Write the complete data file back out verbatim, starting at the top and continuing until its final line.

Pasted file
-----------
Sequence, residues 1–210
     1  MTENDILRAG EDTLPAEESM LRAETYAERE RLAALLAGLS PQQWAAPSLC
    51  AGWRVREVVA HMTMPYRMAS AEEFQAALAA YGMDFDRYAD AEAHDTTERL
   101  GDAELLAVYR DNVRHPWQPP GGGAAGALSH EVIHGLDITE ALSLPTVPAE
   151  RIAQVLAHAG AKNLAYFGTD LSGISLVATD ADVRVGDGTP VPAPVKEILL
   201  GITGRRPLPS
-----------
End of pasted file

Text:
Sequence, residues 1–210
     1  MTENDILRAG EDTLPAEESM LRAETYAERE RLAALLAGLS PQQWAAPSLC
    51  AGWRVREVVA HMTMPYRMAS AEEFQAALAA YGMDFDRYAD AEAHDTTERL
   101  GDAELLAVYR DNVRHPWQPP GGGAAGALSH EVIHGLDITE ALSLPTVPAE
   151  RIAQVLAHAG AKNLAYFGTD LSGISLVATD ADVRVGDGTP VPAPVKEILL
   201  GITGRRPLPS